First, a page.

Autonomous vehicles will cost local governments big bucks.

Autonomous Vehicles Will Cost Local Governments Big Bucks

Autonomous Vehicles Will Cost Local Governments Big Bucks

Future Tense
The Citizen's Guide to the Future
June 16 2015 7:30 AM

Autonomous Vehicles Will Cost Local Governments Big Bucks

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U.S. Transportation Secretary Anthony Foxx and Google Chairman Eric Schmidt ride in a Google self-driving car at the company's headquarters Feb. 2, 2015, in Mountain View, California.

Photo by Justin Sullivan/Getty Images

Twenty years from today, autonomous vehicles will be the prevailing mode of transportation. The result? Widespread unemployment within the taxi and trucking industries, legal issues regarding accidents, regulatory issues relating to GPS and telemetric data generated by vehicles … and poorer local governments.

Automated vehicles are intended, in part, to make roads safer, lower emissions, reduce traffic congestion, and save energy. Forget distracted driving, poor reflexes, and driving while under the influence—the machine will not find its mind wandering after a long day at the office. Overall, that’s a good thing, of course: The U.S. Department of Transportation National Highway Traffic Safety Administration projected that 32,675 people died in motor vehicle fatalities in 2014. However, better road safety, decreased congestion, and lower environmental impacts will pose surprising challenges to local governments and communities, as some colleagues and I discuss in a recent report from the Brookings Institution.

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Since California legalized driverless vehicles, Google has logged more than 1.8 million driverless miles with just 13 accidents reported—all allegedly due to human error. Tesla, Mercedes, and others are not far behind. Tesla’s CEO, Elon Musk, predicts the tremendous safety record of driverless vehicles will demand the banning of nondriverless vehicles on public roadways. And once driverless cars become mainstream, deep revenue sources acquired from driving-related violations such as speeding tickets and DUIs will dry up.

In 2014, Los Angeles generated approximately $161 million from parking violations. Red light violations have come with a fee of $490. Californians caught driving under the influence are fined up to $15,649 for a first-offense misdemeanor DUI conviction. If you’re under 21, that amount could go as high as $22,492. Cities in California collect, on average, $40 million annually in towing fees, which they split with towing firms. And this doesn’t even cover speeding tickets. The hundreds of millions of dollars generated from poor driving-related behaviors fund transportation infrastructure, public schooling, judicial salaries, domestic violence advocacy, conservation, and many others.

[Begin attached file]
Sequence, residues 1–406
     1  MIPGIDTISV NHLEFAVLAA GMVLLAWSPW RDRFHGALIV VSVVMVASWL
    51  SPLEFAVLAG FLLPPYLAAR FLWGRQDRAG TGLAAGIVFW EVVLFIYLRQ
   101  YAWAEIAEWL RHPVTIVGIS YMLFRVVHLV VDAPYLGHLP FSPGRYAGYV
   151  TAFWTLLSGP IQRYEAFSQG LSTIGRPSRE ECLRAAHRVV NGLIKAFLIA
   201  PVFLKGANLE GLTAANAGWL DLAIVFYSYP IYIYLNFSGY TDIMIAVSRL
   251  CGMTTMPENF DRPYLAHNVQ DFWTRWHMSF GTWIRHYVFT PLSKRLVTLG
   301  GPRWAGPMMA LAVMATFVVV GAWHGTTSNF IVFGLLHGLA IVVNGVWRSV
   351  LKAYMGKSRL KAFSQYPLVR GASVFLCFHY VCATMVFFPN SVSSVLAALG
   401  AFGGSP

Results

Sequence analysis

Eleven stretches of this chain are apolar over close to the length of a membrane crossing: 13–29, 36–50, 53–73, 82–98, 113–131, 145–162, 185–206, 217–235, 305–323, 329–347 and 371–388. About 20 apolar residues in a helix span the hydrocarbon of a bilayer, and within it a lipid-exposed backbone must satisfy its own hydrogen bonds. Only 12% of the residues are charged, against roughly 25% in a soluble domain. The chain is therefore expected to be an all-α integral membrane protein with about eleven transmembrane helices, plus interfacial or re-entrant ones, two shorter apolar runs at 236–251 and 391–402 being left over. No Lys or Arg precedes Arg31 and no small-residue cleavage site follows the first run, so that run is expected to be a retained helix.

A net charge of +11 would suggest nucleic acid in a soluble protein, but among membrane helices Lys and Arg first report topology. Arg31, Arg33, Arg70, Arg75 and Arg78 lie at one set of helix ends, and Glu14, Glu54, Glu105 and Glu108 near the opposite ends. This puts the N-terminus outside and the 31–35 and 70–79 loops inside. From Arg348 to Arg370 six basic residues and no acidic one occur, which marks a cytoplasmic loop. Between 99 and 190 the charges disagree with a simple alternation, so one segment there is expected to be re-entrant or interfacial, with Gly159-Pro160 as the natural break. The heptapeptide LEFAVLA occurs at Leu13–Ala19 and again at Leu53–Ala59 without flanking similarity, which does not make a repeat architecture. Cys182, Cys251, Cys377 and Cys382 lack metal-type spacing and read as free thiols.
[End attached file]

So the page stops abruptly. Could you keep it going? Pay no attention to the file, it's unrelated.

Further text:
Take this one step further. Currently, vehicles sit unused 95 percent of the time. Given the huge popularity of the transportation sharing economy, led by companies like Uber and Lyft, it may become more practical for urban citizens to avoid the costs of ownership completely and embrace a driverless sharing economy. If vehicles are busy almost every hour of the day, dropping off one traveler to pick up another based on highly predictive algorithms that harness user data to maximize efficient use of resources, then parking and towing revenue all but disappear, too.

In essence, the sharing economy is a large, facilitated peer-to-peer platform. Accordingly, local governments have tended to act like the music industry did when Napster disrupted its space. They have tried to step in by regulating these networks. For instance, San Francisco and Portland have sued Uber and worked to limit its ride-hailing services for various named reasons such as safety and operating an unlicensed taxi service. But these actions are probably, at least in part, an attempt to protect their tax revenue.

Even more worrisome from a financial standpoint is what happens when these vehicles become truly eco-friendly. Gas and petrol taxes and fees for emissions are contingent on there being adverse ecological impacts or unrenewable energy use. Pedestrian-friendly cities like Vienna have removed some car lanes and made cycling often more practical than driving. If sustainable urban planning succeeds, then what happens to local government operations? In Washington, D.C., new innovations as simple as phone apps in combination with routine improvements like meter upkeep have already accidentally reduced parking ticket revenue, with a drop from $90,610,266 in 2012 to $84,458,255 in 2013. For instance, users can use their smartphones to remotely feed their meters before they expire, submit parking ticket photos and enter violation codes to an app that provides helpful information on getting the ticket dismissed, and gain real-time GPS traffic navigation through social apps like Waze that reroute drivers through the least congested traffic routes while keeping their friends informed of their destination time down to the minute—so users don’t need to speed to be efficient and they have less incentive to text while driving because others already know when they’ll arrive. At the moment, governments make an awful lot of money off of dumb human decisions. How will your city council make up for the lost cash flow?

For now, enjoy your last few headaches of arriving to your car just as a meter attendant is placing a ticket on it. Feel a twinge a nostalgia and hope that local government uses those funds well, for their days are numbered in issuing such citations.

Future Tense is a partnership of SlateNew America, and Arizona State University.

Kevin C. Desouza is a foundation professor at Arizona State University‚Äôs College of Public Service & Community Solutions, and is a nonresident senior fellow at the Brookings Institution. Follow him on Twitter.